Laser cutting essentially involves placing a flat sheet of material on an x-y axis bed and using a high-power laser to accurately cut 2-D blanks of the 2-D shaped file given to the vendor. The thickness of cut possible will depend on the material, which can include foam, wood, paper, cardboard, acrylic, and plastics, among many others. A thickness of 0.5 in. is possible in most of these materials, but check with the vendor before assuming that a specific plastic can be cut this thick. Incomplete cuts can score the surface for marking or decorative purposes. (Laser cutting of metal will be addressed later.) A bonus is that many plastics are effectively flame polished on the edges as they are cut. This can be particularly important for copying the surface qualities of molded parts (for example, hydrophobic or hydrophilic surface qualities) or maintaining optical clarity.
Laser cutting is also useful for mocking up dynamic mechanisms such as latches or hinges. This is done by creating a representative cross section through the mechanism and then making laser-cut profiles. The parts are then laid out and fitted together with pins for hinge points to observe how the mechanism will operate in reality.
In addition, laser cutting is useful for mimicking disposable plastic parts that carry fluids, and for making sheet-metal prototypes out of polycarbonate. Polycarbonate has a bending property similar to that of steel but is clear, thus allowing see-through sheet-metal mock-ups. If one decides to mimic sheet metal this way, it is essential to debug the laser scoring and bending process with the vendor. If polycarbonate is scored too deeply, it will crack, so establish appropriate bend allowances for the 2-D blanks prior to forming.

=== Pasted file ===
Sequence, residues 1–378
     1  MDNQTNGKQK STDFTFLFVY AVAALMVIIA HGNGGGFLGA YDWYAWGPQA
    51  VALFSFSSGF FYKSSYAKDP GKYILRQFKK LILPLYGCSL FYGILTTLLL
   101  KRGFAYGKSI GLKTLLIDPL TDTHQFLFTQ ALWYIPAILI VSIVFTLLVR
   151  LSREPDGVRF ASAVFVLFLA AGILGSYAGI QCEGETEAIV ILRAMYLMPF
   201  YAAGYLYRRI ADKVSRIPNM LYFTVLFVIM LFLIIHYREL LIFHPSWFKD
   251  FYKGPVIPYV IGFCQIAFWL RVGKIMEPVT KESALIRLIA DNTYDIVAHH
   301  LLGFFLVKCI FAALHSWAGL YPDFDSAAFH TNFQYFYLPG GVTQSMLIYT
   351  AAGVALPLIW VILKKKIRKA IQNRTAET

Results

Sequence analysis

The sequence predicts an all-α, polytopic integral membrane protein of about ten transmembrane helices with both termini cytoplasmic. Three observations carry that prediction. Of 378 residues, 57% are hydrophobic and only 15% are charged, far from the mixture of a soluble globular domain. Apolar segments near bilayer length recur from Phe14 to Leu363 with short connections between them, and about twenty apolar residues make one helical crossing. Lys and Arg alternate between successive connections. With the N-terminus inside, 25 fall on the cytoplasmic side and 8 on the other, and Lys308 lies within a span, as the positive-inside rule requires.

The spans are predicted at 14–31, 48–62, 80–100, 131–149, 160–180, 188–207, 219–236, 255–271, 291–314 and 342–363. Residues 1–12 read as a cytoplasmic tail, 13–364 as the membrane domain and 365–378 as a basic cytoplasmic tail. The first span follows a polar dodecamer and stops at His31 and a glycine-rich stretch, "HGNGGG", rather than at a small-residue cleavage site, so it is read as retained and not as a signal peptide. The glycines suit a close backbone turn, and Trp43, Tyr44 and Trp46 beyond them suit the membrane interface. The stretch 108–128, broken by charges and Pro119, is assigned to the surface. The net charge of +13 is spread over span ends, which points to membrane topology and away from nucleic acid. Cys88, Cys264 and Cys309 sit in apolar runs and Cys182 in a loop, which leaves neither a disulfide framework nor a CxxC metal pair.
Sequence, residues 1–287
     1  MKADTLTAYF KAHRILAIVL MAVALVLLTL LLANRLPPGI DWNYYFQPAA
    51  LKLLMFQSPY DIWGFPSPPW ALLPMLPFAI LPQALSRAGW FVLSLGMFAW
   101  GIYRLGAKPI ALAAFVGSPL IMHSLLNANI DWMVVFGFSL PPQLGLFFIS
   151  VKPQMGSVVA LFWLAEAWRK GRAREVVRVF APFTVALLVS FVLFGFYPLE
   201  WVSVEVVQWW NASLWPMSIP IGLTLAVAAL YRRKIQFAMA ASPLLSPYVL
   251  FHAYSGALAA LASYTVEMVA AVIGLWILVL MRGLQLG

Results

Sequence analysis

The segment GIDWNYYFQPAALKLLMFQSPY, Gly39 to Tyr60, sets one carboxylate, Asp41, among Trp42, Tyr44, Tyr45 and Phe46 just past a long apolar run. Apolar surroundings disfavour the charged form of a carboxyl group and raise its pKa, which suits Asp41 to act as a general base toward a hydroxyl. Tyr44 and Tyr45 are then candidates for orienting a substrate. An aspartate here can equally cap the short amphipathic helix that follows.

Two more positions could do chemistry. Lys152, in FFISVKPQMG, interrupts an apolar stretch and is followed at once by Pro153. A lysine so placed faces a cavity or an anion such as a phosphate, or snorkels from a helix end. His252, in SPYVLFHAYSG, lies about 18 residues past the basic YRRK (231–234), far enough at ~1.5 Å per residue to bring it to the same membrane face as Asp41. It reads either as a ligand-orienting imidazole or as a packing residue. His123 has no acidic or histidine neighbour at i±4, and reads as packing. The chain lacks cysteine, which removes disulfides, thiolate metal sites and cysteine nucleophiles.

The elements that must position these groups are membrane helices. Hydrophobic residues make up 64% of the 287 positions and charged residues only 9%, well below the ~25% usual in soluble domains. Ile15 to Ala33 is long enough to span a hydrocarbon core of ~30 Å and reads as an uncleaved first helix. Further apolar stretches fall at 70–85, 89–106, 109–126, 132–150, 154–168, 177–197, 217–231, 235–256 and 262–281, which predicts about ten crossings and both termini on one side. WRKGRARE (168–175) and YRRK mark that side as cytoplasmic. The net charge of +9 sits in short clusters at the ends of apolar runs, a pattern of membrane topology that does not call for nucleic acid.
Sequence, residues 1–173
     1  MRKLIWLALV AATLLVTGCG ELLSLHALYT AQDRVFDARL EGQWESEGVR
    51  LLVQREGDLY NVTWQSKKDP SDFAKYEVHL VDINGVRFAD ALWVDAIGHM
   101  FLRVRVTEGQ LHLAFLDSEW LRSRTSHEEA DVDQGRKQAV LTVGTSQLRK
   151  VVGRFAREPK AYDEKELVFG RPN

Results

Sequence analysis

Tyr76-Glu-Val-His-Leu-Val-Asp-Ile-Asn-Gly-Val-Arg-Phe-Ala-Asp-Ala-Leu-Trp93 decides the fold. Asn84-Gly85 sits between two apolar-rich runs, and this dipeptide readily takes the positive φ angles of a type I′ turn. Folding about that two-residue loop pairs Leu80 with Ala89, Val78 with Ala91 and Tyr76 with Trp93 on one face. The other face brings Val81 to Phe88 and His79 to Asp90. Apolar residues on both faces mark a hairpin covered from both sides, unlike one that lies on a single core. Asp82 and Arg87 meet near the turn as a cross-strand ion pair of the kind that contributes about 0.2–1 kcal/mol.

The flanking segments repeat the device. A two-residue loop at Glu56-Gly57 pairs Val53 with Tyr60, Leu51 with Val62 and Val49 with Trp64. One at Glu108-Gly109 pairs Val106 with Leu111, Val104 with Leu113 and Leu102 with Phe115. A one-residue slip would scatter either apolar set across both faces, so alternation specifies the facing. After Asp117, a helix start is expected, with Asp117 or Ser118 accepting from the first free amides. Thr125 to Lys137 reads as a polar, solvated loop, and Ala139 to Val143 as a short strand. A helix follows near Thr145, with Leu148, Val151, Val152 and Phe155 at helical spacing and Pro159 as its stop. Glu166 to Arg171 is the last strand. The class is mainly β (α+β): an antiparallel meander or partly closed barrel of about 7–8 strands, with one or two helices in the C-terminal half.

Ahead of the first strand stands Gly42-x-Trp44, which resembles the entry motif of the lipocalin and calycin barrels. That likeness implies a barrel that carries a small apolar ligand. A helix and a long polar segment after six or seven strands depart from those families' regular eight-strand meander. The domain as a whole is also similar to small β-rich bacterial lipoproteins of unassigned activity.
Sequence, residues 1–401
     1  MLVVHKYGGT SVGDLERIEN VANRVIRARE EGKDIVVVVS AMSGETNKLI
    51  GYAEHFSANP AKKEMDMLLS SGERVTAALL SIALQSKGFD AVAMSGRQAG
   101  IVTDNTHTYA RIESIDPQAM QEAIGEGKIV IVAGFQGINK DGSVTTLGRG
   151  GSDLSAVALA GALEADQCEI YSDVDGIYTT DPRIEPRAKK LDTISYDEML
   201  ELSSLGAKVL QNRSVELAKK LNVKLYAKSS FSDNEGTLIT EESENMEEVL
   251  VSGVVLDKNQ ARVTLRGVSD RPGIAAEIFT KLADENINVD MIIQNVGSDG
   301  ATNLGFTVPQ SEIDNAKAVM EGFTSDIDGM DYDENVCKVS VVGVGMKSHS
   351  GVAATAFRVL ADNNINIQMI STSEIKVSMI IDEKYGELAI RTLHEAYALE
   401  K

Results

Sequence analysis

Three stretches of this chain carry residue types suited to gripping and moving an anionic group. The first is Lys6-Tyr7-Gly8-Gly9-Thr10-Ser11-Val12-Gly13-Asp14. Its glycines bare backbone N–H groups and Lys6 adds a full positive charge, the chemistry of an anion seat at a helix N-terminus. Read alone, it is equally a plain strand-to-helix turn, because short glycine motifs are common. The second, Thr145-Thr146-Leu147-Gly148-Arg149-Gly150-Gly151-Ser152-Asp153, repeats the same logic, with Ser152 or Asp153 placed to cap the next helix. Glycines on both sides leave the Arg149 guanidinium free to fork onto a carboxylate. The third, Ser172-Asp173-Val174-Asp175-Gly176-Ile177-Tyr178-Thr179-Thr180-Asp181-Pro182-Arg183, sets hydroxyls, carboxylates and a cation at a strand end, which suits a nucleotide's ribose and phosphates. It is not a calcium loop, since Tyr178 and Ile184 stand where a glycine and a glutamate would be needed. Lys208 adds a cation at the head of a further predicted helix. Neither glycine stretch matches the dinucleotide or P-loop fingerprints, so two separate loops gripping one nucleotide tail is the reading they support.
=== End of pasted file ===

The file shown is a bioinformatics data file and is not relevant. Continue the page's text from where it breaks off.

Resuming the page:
Creativity is the key to fully exploiting the laser cutting process. As an example, Bridge Design makes its prototype printed circuit boards by laser cutting a blank glass fiberbased PCB substrate (no copper cladding). It's cheap and fast. If one cuts the through-hole component patterns, components can be stuffed in to check clearances in complete product assemblies and to test switch and potentiometer elements.
Laser cutting can also be used to evaluate airflow or appearance issues of sheet-metal boxes. For example, to mock up a box in sheet metal with vents and various hole patterns, a kit of these different facets can be created out of laser-cut cardboard and then stuck together in the desired 3-D form. Actual fans can then be mounted into the assembly and airflow can be measured through good approximations of the intended sheet-metal enclosure.
There are a few important points to remember when adapting 3-D design within the 2-D limitations of laser cutting. If the parts cannot be created from a single 2-D blank, they may need to be layered. The 3-D structures can be built up by combining the first set of 2-D shapes with a second set. Rotate them at 90° with respect to the original 2-D shape for even more creative combinations, and expect to experiment quite a bit before succeeding. Obviously, there are many ways of bonding laser-cut assemblies. Double-sided tape and solvent cements are some of the better methods.